Capillary Silver Enlarge
Feb.y 1. 1803. Publiſhed by Ja.s Sowerby. London.
British Mineralogy
XVI
Argentum nativum var. capillaceium

Capillary Silver

  • Class 3. Metals.
  • Ord. 1. Ductile.
  • Gen. 3. Silver.
  • Spec. 1. Native Silver.
  • Div. 2. Imitative.
  • Gen. Char. The whitest of all known metals, very malleable, and sonorous; specific gravity before hammering, 10.474; after; 10.510. Dissolves readily in nitric acid, and may be precipitated from it by copper, iron, or zinc. Rmeains in fusion at 28° of Wedgewood, but requires a greater heat to fuse it.
  • Spec. Char. Ductile with but a small portion of alloy.
  • Syn.
    • Argentum nativum. Waller, v. 2. 238. Linn. Syst. ed. 12. v. 3. 148.
    • Native silver. Kirwan, v. 2. 108. Bab. 146.
    • Gediegen silber. Emmerling, v. 2. 153.
    • Argent natif. Haüy, v. 3. 384.

In June 1799, soon after the discovery of native silver in the Herland copper mine, in the paris of Gwinear, about 7 miles from St. Michal’s Mount, I had the pleasure of calling there in company with my friend D. Turner, Esq., and was lucky enough to procure some rich little pieces, which served my purpose, and gave me the most satisfactory pleasure of gratifying a few friends. According to the Rev. Malachi Hitching’s account, in Phil. Transac. for 1801, page 169, “the lode in which it occurs is one of those cross courses which intersect and derange the copper lodes, and are consequently of a more recent formation. No ores of silver were observable in this lode till the epth of 110 fathoms from the surface, and at the further depth of 32 fathoms they disappeared. The richest mass of silver ore was found at the depth of 2 fathoms above the level at which it disappears. About 108 tons of it are said to have been raised. The silver ore, strictly speaking, is a mixture of galæna, native bismuth, gray cobalt ore, vitreous silver ore, and native silver.”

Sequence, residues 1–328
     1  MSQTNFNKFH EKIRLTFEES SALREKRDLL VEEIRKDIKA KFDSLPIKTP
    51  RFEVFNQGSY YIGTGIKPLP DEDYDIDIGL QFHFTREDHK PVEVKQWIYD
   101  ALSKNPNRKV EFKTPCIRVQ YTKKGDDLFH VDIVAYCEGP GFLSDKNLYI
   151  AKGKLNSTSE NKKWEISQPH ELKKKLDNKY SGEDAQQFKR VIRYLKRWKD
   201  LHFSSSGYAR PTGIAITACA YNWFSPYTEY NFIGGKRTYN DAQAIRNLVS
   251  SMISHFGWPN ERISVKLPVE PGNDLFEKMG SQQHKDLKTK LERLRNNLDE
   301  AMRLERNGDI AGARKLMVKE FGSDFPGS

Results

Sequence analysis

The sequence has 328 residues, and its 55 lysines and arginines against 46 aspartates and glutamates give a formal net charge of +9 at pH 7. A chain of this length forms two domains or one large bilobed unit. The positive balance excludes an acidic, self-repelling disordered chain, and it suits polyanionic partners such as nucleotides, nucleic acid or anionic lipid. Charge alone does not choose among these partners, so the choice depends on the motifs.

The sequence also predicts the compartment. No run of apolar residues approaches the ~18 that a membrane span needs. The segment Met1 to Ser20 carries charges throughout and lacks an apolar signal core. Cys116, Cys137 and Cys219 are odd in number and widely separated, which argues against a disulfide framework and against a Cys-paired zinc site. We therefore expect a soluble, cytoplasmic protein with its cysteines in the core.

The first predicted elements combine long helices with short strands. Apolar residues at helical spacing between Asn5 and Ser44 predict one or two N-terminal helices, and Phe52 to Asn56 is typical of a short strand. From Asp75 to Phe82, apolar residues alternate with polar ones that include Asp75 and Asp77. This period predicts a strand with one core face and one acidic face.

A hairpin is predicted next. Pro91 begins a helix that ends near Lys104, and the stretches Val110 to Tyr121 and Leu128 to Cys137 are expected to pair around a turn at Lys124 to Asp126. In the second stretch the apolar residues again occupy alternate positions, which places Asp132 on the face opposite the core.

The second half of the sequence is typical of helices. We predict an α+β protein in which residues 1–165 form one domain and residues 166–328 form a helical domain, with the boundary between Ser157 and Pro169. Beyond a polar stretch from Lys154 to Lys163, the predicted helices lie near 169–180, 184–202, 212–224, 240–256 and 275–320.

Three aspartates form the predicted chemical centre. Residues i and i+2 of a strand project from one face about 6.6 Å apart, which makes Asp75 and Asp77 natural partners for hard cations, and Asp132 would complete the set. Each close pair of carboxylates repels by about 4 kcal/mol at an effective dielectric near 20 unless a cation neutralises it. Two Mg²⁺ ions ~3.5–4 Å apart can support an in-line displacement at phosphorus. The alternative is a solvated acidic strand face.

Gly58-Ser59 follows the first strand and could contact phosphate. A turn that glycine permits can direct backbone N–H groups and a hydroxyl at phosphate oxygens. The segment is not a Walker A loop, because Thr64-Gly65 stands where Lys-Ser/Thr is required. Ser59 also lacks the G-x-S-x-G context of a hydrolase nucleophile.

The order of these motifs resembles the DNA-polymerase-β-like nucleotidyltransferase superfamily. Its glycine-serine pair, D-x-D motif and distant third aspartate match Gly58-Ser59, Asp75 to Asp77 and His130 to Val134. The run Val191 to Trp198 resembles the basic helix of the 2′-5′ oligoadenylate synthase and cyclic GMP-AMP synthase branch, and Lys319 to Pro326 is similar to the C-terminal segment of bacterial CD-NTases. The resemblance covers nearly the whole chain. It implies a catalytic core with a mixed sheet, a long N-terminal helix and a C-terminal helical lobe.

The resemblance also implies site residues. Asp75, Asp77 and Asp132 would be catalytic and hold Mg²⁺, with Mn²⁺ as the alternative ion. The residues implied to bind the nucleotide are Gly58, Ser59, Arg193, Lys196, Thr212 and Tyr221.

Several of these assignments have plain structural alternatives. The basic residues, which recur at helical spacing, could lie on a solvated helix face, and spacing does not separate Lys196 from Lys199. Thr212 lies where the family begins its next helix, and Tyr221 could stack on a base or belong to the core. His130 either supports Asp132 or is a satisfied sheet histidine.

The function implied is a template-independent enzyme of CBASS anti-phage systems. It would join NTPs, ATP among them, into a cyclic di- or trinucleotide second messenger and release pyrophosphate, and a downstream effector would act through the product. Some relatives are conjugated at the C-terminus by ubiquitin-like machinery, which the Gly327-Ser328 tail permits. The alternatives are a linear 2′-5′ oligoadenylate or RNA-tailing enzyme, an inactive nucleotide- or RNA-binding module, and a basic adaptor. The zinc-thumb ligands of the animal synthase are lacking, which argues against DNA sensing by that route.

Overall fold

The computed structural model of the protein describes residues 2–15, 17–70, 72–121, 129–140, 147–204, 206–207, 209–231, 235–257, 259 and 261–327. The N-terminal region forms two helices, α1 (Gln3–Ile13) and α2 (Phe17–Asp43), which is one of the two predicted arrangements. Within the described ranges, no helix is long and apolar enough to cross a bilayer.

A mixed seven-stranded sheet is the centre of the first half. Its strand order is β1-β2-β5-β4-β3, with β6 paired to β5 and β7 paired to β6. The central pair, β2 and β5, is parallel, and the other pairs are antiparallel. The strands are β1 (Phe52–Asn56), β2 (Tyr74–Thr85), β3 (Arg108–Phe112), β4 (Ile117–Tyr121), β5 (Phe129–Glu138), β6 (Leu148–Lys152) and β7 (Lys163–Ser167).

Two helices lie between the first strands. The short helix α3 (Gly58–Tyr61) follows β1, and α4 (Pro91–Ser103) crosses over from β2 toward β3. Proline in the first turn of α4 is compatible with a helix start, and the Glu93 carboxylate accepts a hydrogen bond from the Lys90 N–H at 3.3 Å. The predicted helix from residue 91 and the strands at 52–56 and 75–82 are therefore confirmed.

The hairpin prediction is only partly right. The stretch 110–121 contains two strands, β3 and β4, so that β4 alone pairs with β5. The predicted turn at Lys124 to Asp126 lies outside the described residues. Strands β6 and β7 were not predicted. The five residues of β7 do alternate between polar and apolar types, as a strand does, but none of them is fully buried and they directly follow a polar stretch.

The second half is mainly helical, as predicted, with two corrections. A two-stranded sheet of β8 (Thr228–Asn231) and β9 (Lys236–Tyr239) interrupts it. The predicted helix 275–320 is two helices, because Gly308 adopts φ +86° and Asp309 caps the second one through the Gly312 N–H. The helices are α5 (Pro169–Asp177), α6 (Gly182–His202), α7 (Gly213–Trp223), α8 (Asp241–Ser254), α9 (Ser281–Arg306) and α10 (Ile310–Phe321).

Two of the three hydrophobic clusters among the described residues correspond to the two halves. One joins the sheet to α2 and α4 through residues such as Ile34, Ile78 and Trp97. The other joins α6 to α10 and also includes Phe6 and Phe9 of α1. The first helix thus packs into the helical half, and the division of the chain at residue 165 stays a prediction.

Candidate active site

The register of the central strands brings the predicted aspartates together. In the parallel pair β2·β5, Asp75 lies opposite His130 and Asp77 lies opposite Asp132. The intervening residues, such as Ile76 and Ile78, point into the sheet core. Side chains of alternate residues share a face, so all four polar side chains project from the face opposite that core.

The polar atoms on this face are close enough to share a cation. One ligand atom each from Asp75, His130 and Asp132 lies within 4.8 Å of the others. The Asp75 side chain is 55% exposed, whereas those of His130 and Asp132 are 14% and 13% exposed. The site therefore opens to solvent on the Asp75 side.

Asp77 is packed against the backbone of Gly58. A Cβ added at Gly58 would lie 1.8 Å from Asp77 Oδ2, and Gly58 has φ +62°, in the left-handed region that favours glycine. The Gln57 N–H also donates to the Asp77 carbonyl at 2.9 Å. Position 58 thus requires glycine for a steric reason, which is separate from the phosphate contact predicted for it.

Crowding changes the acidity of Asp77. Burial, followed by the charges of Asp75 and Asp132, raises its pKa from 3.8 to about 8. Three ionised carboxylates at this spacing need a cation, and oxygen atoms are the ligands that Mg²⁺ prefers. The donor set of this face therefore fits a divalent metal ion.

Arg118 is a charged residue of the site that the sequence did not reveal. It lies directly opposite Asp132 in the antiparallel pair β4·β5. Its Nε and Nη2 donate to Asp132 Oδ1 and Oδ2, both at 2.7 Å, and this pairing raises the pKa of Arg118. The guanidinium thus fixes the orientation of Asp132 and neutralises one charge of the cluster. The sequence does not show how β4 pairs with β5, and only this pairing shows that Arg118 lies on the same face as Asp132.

Our specimen seems to be the galæna decomposing and protruding the silver; itself remaining of a cinereous appearance, losing its natural brilliancy. There are also some pyrites and bits of quartz. The silver protruded is nearly pure, and has been (from its curling appearance) compared by the people of Penzance to the scrapings of silver spoons. The silver for coin and manufacturing is alloyed with copper, which does not affect the whiteness, and is not easily detected, unless in too great proportion, when it may sometimes be tasted. It may be made very thin as leaf silver, one grain thus formed measuring more than 51 square inches. It is often used to plate over copper or iron, and wire so made serves for musical instruments, &c. A wire one tenth of an inch in diameter will support 270 pounds of weight.

Silver, by being dissolved in nitric acid, and precipitated with mercury, will form the likeness of a tree, and is then called Arbor Dianæ.—If precipitated from the nitric acid by lime water, the precipitate dried, and washed with a solution of pure ammoniac, has a dangerous fulminating property; and on the slightest touch, or friction, will explode most violently, exceeding the force of gunpowder. The nitrate of silver stains animal substances a deep black, and has been used to blacken human hair; but it is extremely dangerous, owing to its corrosive property.

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